Inspector-General still unable to assess key Basin State’s compliance

Inspector-General still unable to assess key Basin State’s compliance

For the second year running, the Inspector–General of Water Compliance, the Honourable Troy Grant, has not been able to assess Sustainable Diversion Limit (SDL) resource units in New South Wales. Sustainable Diversion Limits and compliance with the limits are essential to the implementation and operation of the Basin Plan. Under the Commonwealth Water Act, SDLs provide for the establishment and enforcement of environmentally sustainable limits on the volume of water that may be taken from the Basin. In effect, SDLs limit the amount of water that can be taken from rivers and aquifers for towns, industry, and farmers.

For states to have their SDLs assessed, they must first have a water resource plan in place. All Basin States have operational water resource plans for the 2021-2022 year, except for New South Wales.

“It has been well over 12 months now since I first called out the failure of the New South Wales Government in relation to water resource plans. Without operational water resource plans, I cannot assess SDL compliance. The evidence is now in that during 2021-22, New South Wales continued to fail to deliver its obligations and commitments to the Basin Plan,” said Mr Grant.

It is acknowledged that New South Wales have seven groundwater water resource plans accredited of which five were accredited during the 2022-2023 year and two during the 2023-2024 year, and therefore not included in the 2021-2022 SDL compliance assessment.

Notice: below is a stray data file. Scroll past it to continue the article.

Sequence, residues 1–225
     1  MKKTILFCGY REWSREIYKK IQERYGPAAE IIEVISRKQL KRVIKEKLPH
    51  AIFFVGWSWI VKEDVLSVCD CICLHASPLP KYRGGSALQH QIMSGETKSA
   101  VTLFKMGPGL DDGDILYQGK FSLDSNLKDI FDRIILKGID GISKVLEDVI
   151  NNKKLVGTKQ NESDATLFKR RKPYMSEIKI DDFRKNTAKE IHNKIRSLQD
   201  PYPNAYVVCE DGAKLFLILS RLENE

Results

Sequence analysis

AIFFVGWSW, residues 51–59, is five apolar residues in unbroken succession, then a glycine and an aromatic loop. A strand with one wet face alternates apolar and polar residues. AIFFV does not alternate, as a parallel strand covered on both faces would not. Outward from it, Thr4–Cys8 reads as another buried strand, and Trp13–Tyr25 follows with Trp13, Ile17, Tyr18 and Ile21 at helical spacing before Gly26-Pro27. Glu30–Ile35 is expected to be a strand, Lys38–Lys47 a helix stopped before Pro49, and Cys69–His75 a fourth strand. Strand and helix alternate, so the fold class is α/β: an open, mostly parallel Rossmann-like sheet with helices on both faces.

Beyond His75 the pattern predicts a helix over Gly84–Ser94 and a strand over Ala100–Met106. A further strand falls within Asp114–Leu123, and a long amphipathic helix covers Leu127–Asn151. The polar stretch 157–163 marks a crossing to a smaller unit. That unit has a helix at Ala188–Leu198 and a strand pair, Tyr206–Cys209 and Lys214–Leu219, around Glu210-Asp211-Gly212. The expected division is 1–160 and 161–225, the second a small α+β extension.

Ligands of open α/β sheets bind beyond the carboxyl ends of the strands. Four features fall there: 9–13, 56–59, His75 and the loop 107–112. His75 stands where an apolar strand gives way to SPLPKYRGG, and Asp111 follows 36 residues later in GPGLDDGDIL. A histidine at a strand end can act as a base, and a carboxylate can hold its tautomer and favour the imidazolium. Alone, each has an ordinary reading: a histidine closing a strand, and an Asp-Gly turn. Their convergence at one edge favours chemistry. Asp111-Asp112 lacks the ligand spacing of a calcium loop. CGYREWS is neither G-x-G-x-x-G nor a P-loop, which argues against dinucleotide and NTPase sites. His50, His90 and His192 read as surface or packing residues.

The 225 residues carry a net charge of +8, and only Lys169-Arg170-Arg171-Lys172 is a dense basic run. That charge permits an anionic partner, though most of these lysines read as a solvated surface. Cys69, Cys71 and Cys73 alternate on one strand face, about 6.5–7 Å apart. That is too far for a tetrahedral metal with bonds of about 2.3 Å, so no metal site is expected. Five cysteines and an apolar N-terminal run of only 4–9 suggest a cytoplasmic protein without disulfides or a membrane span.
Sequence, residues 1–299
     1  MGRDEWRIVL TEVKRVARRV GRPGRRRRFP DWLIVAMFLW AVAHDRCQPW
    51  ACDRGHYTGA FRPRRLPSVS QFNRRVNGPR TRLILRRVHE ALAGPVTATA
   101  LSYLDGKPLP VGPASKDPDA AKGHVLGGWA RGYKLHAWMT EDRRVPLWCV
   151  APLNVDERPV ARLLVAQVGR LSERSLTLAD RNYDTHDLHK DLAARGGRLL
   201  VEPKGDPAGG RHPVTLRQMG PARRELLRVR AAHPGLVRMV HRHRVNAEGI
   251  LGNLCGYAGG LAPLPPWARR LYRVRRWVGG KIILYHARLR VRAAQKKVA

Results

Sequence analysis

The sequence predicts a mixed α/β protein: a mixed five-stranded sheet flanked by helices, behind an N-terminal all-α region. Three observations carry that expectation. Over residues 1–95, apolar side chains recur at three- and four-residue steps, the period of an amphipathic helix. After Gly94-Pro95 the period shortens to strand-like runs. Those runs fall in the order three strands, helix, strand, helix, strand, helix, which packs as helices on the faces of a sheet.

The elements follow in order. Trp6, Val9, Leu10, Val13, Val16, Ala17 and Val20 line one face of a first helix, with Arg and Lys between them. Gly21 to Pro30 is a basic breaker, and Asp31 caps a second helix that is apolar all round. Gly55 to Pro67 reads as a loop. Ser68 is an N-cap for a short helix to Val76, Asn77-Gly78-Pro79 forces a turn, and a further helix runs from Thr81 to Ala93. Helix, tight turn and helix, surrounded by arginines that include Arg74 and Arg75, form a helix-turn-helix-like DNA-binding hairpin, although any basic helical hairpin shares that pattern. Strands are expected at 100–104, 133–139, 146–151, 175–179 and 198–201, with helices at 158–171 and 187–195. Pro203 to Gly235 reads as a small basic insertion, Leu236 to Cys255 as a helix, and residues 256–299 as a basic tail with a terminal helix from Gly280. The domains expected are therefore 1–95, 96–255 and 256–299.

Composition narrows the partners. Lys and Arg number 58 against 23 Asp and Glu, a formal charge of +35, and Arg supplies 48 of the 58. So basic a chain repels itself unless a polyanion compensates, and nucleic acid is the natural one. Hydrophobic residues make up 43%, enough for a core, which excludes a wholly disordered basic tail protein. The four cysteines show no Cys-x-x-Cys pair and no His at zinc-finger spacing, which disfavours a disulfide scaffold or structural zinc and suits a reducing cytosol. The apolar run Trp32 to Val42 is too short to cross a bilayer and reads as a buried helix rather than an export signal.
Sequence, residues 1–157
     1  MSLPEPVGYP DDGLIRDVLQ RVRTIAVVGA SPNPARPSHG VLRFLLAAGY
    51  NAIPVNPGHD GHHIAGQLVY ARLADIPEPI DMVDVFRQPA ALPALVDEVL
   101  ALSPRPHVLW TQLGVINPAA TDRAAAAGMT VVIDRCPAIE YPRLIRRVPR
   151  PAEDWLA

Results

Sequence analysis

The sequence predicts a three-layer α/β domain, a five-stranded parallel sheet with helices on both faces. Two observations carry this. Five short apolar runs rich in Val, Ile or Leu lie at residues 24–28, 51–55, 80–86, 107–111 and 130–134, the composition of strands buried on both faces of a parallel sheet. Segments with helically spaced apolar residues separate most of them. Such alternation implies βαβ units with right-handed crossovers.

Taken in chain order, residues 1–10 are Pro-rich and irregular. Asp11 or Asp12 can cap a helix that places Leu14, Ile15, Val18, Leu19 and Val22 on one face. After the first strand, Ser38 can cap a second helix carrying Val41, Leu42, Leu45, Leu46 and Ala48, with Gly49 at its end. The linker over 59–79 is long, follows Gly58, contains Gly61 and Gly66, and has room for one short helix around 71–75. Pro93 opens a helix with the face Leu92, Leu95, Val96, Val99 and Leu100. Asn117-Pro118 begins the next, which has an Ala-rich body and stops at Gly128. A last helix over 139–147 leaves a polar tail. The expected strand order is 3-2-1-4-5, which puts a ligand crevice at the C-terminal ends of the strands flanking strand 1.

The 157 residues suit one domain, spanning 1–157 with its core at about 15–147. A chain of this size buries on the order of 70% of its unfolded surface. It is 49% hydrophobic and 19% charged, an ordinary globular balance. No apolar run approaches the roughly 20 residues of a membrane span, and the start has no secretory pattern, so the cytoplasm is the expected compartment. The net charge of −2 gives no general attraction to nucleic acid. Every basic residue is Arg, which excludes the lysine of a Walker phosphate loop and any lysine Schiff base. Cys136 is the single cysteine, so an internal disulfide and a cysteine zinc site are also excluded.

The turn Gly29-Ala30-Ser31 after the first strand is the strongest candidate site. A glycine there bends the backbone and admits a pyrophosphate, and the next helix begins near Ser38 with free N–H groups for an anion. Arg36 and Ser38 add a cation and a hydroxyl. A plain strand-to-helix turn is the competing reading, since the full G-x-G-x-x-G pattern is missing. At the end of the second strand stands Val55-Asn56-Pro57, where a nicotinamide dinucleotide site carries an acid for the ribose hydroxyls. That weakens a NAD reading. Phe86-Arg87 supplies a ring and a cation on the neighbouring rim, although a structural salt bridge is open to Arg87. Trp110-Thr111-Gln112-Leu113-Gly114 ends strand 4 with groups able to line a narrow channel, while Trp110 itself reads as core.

“Disappointingly, the 2021-22 SDL Compliance Statement does not include New South Wales. The twenty water resource plans in New South Wales were not accredited or operating in the 2021-22 water accounting year – none… zero… zilch.”

Without a water resource plan, it is not correct to say that New South Wales is ‘compliant,” nor is it correct to say that New South Wales is ‘non-compliant.’ They are simply not yet subject to the Basin Plan SDL compliance assessment. This situation in New South Wales is deeply concerning, particularly as there are an increasing number of areas on the interim SDL accounts pointing to an SDL excess, specifically, the Barwon-Darling watercourse by 40% and Gwydir surface water by 21% and the Murrumbidgee is trending toward the SDL compliance threshold at 18% SDL exceedance. However, there are no legal ramifications without a water resource plan.

The Inspector-General remains optimistic that progress is now being made to re-write NSW water resource plans to a standard that will make them accreditable by the Commonwealth Water Minister.

“It has been more than two years now since my role was formally established, and New South Wales is well behind the eight-ball on progress. There is a lot of work to be done to catch up, and I look forward to seeing how New South Wales progresses this integral part of Basin Plan implementation.

In good news though, the Inspector-General is again happy to see that all other Basin States (Queensland, Victoria, South Australia and the ACT) are compliant with their Sustainable Diversion Limits, with all 55 SDL resource units achieving compliance. The full SDL Compliance Statement can be found on the Reviews and Reports section of the IGWC’s website.


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